The SIM as we know it could be a thing of the past, if Apple and Samsung have anything to do with it. The Financial Times reported this week how an e-SIM is on the horizon, allowing consumers to switch provider almost instantly, and stop those troublesome hunts for a paperclip when you want to change your SIM card.
As well as the two smartphone giants, Deutsche Telekom, Orange, Telefónica and Vodafone are among the backers. The first devices featuring the e-SIM should hit the market next year.
There was a soft launch of the soft SIM last year when Apple built in the functionality to switch operator into its iPads. However, consumers were only able to choose from a handful.
There was a surprise entrant into the smartphone market this week as Marshall, famous for their guitar amplifiers, released its first Android device. There’s no word whether the volume goes all the way to 11, but the smartphone does have two audio inputs, as it clearly targets itself at music fans.
Staying with music, we learned this week that Marko Ahtisaari, Nokia’s former design head, is looking at how music can change human health. He’s been appointed CEO of PureTech, a company that will use wearables to track how our body changes according to different tunes. There may be something in this, given how every time I hear Eric Carmen’s All By Myself, I want to be sick.
In a blog post, Ahtisaari wrote: “Throughout history, music has served a multitude of purposes in human culture, all of which stem from music’s unique power in influencing our mental and physiological states and social interactions. With the advent of modern science, we are finally able to take a peek at the mechanisms behind what makes music so important and so powerful in regulating our emotions, and shaping our thoughts and interactions.
"Through this understanding we can start using music in an informed and targeted way, in support of overall wellbeing and health.”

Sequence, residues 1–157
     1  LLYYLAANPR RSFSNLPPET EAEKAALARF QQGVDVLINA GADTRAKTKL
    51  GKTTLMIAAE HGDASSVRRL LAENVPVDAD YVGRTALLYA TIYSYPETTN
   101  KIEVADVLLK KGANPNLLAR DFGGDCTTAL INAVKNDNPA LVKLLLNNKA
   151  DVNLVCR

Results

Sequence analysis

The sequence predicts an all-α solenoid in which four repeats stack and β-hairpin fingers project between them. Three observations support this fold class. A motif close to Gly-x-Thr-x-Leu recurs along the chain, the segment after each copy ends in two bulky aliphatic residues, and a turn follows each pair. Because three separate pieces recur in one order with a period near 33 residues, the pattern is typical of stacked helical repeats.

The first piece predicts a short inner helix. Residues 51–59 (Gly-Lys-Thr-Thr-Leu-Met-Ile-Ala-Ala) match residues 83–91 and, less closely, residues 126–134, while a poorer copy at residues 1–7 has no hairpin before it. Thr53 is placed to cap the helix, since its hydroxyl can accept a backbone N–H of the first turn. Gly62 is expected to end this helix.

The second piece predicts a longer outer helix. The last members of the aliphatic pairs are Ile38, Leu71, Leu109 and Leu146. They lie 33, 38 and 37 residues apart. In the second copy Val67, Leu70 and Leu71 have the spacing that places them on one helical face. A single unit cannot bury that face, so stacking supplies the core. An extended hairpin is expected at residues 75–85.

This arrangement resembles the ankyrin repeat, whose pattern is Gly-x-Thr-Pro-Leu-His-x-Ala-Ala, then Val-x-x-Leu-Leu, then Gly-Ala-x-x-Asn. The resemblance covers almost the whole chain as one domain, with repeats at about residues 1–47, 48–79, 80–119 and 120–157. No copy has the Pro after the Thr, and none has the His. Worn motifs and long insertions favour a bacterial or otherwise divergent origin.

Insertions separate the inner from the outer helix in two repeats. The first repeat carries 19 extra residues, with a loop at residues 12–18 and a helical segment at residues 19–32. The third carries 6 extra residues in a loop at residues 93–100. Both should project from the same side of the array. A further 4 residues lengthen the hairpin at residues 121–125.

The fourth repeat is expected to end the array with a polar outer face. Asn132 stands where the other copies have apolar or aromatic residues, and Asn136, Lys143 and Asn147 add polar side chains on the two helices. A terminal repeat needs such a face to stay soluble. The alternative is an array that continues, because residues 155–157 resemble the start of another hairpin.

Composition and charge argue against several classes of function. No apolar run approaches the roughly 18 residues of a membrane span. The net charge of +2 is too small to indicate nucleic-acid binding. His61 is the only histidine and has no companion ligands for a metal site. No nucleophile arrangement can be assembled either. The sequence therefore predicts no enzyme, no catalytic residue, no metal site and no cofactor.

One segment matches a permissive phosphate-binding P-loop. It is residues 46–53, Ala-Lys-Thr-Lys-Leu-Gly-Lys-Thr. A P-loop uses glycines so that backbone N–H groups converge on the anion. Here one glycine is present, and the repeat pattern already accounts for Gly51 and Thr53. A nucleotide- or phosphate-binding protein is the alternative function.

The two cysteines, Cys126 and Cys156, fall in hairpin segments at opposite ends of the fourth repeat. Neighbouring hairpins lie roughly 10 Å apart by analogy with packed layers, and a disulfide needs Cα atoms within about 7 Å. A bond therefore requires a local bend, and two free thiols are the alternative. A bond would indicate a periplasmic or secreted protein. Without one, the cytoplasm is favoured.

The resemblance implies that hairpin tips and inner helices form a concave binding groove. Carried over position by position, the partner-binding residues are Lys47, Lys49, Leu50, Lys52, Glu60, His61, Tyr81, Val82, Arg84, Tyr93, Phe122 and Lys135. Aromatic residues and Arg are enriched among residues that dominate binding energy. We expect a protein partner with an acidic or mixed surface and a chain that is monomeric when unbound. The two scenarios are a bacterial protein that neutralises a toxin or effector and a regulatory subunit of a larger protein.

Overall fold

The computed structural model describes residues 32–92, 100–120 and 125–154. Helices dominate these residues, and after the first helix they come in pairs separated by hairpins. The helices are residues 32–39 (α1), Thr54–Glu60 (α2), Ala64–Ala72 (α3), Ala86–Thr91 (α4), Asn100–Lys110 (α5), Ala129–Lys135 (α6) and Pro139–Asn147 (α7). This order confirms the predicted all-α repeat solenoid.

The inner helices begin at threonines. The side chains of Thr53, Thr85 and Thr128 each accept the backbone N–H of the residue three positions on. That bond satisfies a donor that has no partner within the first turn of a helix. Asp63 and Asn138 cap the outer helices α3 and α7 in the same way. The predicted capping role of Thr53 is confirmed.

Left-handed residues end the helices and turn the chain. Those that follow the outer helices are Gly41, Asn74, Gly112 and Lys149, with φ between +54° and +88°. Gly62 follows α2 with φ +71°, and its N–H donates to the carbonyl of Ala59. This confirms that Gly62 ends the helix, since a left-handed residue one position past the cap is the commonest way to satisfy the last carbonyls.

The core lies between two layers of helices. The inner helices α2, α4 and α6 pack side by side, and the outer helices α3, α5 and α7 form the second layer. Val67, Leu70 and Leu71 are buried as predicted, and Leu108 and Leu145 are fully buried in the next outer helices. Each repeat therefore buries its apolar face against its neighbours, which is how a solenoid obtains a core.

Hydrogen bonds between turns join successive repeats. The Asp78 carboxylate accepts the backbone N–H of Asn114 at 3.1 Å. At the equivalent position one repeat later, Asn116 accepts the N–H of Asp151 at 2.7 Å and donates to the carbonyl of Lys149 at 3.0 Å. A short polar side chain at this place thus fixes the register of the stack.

Meanwhile Nokia gave an indication of its relationship status with smartphones: "It’s complicated.”
While there are rumours abound that the Finns will return to the handset market, a spokesperson said this week that it would only be through a licensing deal, and we’d have to wait until the end of 2016 at least.
The Internet of Things took a bizarre twist this week, as the brilliantly named Bigbelly applied for a grant from the New Work mayor to make Wi-Fi hotspots from...litter bins. The waste management company claims the street-level bins could offer speeds of up to 75MBps and would avoid the pesky trouble of trying to make signals navigate through the honeycombs of the city's skyscrapers.
Whether the idea is binned or not remains to be seen, but it is far from the first time Bigbelly has experimented with unusual technology for the waste sector. Among its products are solar-powered compactors, as well as bins that send texts to rubbish collectors when they are almost full.
If it does go ahead, it will provide fuel to those who feel lots of excited predictions about the Internet of Things are a load of rubbish.
“Abstracting electricity” sounds like something that happens in a Marvel comic, but it was the crime a London artist was accused of when he made the fateful error of charging his iPhone on a train. Officers arrested Robin Lee after he was spotted plugging in his iPhone while travelling.
He told the Evening Standard: "She said I'm abstracting electricity. She kept saying it's a crime.
"We were just coming into the station, and there happened to be about four police officers on the platform.
"She called to them and said 'This guy's been abstracting electricity, he needs to be arrested'."
Common sense then prevailed and Lee was “de-arrested”. Expect overbearing signs warning of the dangers of charging one’s smartphone on public transport to come to a train or bus near you.
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